Leg ulcers: Clinical (To be retired)


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Leg ulcers: Clinical (To be retired)

Medicine and surgery

Allergy and immunology

Antihistamines for allergies


Cardiology, cardiac surgery and vascular surgery

Coronary artery disease: Clinical (To be retired)

Heart failure: Clinical (To be retired)

Syncope: Clinical (To be retired)

Hypertension: Clinical (To be retired)

Hypercholesterolemia: Clinical (To be retired)

Peripheral vascular disease: Clinical (To be retired)

Leg ulcers: Clinical (To be retired)

Adrenergic antagonists: Alpha blockers

Adrenergic antagonists: Beta blockers

ACE inhibitors, ARBs and direct renin inhibitors

Thiazide and thiazide-like diuretics

Calcium channel blockers

Lipid-lowering medications: Statins

Lipid-lowering medications: Fibrates

Miscellaneous lipid-lowering medications

Antiplatelet medications

Dermatology and plastic surgery

Hypersensitivity skin reactions: Clinical (To be retired)

Eczematous rashes: Clinical (To be retired)

Papulosquamous skin disorders: Clinical (To be retired)

Alopecia: Clinical (To be retired)

Hypopigmentation skin disorders: Clinical (To be retired)

Benign hyperpigmented skin lesions: Clinical (To be retired)

Skin cancer: Clinical (To be retired)

Endocrinology and ENT (Otolaryngology)

Diabetes mellitus: Clinical (To be retired)

Hyperthyroidism: Clinical (To be retired)

Hypothyroidism and thyroiditis: Clinical (To be retired)

Dizziness and vertigo: Clinical (To be retired)

Hyperthyroidism medications

Hypothyroidism medications


Hypoglycemics: Insulin secretagogues

Miscellaneous hypoglycemics

Gastroenterology and general surgery

Gastroesophageal reflux disease (GERD): Clinical (To be retired)

Peptic ulcers and stomach cancer: Clinical (To be retired)

Diarrhea: Clinical (To be retired)

Malabsorption: Clinical (To be retired)

Colorectal cancer: Clinical (To be retired)

Diverticular disease: Clinical (To be retired)

Anal conditions: Clinical (To be retired)

Cirrhosis: Clinical (To be retired)

Breast cancer: Clinical (To be retired)

Laxatives and cathartics


Acid reducing medications

Hematology and oncology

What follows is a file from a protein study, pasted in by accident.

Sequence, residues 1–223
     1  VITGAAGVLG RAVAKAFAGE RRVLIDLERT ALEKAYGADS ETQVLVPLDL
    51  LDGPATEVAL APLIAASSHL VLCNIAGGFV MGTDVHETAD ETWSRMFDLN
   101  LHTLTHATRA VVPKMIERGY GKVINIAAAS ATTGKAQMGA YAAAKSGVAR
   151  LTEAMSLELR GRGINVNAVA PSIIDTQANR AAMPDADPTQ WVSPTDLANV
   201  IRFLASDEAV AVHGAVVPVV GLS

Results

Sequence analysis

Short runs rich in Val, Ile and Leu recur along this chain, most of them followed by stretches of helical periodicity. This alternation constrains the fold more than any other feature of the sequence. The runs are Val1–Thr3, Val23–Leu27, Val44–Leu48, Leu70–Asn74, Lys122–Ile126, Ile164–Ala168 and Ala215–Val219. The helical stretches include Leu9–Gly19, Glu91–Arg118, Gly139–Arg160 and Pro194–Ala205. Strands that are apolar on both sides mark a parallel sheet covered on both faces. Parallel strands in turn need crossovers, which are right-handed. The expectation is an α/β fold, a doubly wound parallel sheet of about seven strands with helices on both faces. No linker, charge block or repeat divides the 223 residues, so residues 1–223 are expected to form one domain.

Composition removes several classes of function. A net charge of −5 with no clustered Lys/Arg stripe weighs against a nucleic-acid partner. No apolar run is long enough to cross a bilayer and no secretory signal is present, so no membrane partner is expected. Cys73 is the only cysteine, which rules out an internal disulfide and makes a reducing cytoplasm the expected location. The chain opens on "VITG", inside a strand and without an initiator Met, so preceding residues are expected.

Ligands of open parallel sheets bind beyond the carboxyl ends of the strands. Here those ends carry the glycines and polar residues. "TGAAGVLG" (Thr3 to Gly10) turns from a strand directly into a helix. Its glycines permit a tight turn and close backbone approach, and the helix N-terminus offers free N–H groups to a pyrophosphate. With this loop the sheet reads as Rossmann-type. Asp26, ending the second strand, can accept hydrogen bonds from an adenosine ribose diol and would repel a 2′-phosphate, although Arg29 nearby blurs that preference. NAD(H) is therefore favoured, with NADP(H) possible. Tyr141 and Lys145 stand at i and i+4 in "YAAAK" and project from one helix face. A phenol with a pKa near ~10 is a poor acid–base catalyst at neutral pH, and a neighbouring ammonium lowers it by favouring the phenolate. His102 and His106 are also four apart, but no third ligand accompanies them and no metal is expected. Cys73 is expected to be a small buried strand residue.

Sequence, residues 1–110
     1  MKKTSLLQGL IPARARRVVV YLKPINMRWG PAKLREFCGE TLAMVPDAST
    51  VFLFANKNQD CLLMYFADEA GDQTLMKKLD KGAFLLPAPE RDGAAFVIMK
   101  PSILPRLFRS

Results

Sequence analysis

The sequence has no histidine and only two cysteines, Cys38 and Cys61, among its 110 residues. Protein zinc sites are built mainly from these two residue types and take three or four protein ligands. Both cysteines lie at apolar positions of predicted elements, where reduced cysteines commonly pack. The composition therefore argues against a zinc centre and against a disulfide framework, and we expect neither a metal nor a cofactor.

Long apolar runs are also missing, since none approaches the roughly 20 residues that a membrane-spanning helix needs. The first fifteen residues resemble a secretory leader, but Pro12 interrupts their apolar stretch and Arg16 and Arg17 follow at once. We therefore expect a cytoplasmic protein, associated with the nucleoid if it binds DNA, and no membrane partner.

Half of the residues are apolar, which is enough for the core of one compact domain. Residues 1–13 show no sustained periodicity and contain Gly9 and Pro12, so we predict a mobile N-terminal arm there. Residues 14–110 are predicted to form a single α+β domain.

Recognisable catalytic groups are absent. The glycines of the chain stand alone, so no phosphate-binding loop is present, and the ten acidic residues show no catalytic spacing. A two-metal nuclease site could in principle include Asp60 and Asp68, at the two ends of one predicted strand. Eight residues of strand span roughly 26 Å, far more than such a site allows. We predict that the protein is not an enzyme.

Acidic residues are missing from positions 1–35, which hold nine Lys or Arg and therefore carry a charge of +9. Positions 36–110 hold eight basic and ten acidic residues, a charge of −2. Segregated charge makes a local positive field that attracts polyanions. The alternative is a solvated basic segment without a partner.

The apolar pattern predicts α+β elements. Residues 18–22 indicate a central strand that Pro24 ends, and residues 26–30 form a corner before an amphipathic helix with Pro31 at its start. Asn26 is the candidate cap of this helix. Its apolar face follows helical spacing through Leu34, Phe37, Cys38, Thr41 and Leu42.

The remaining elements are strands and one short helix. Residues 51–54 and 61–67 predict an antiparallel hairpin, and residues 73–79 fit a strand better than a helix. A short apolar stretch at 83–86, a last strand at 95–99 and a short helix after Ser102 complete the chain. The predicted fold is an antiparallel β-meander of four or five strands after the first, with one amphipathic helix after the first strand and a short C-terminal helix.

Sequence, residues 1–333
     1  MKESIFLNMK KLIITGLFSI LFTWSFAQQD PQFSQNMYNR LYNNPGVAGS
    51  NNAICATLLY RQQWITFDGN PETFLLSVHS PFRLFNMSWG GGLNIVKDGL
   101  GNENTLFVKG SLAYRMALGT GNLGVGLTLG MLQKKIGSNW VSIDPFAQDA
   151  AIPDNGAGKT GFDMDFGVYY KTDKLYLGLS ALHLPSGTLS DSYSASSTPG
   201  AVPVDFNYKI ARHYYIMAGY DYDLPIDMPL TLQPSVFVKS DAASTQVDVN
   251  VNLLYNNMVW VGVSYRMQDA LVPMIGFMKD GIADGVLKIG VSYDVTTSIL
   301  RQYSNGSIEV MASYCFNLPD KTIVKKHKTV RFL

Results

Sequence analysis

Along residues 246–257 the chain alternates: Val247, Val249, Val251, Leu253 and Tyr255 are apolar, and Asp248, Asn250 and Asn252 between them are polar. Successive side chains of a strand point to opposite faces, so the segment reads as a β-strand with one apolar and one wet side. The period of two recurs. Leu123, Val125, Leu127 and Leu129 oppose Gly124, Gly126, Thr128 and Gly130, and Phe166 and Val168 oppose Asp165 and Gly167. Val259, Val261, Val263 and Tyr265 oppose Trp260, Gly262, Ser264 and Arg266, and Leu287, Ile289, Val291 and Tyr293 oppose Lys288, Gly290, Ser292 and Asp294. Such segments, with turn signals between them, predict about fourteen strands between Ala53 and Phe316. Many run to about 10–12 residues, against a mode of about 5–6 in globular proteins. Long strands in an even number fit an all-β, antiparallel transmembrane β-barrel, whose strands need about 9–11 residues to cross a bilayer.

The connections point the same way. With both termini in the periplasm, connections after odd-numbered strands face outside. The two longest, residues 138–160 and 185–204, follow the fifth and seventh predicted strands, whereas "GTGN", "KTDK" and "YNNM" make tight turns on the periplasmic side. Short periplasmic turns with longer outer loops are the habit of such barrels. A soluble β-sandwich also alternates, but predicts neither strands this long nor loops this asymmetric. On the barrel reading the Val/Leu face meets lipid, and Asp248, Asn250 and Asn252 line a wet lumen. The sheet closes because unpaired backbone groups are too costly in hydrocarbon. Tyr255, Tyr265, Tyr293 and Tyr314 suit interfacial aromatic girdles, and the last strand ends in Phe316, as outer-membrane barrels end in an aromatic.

Anemia: Clinical (To be retired)

Anticoagulants: Warfarin

Anticoagulants: Direct factor inhibitors

Antiplatelet medications

Infectious diseases

Pneumonia: Clinical (To be retired)

Urinary tract infections: Clinical (To be retired)

Skin and soft tissue infections: Clinical (To be retired)

Protein synthesis inhibitors: Aminoglycosides

Antimetabolites: Sulfonamides and trimethoprim

Miscellaneous cell wall synthesis inhibitors

Protein synthesis inhibitors: Tetracyclines

Cell wall synthesis inhibitors: Penicillins

Miscellaneous protein synthesis inhibitors

Cell wall synthesis inhibitors: Cephalosporins

DNA synthesis inhibitors: Metronidazole

DNA synthesis inhibitors: Fluoroquinolones

Herpesvirus medications



Miscellaneous antifungal medications

Anti-mite and louse medications

Nephrology and urology

Chronic kidney disease: Clinical (To be retired)

Kidney stones: Clinical (To be retired)

Urinary incontinence: Pathology review

ACE inhibitors, ARBs and direct renin inhibitors

PDE5 inhibitors

Adrenergic antagonists: Alpha blockers

Neurology and neurosurgery

Stroke: Clinical (To be retired)

Lower back pain: Clinical (To be retired)

Headaches: Clinical (To be retired)

Migraine medications

Pulmonology and thoracic surgery

Asthma: Clinical (To be retired)

Chronic obstructive pulmonary disease (COPD): Clinical (To be retired)

Lung cancer: Clinical (To be retired)

Antihistamines for allergies

Bronchodilators: Beta 2-agonists and muscarinic antagonists

Bronchodilators: Leukotriene antagonists and methylxanthines

Pulmonary corticosteroids and mast cell inhibitors

Rheumatology and orthopedic surgery

Joint pain: Clinical (To be retired)

Rheumatoid arthritis: Clinical (To be retired)

Lower back pain: Clinical (To be retired)

Anatomy clinical correlates: Clavicle and shoulder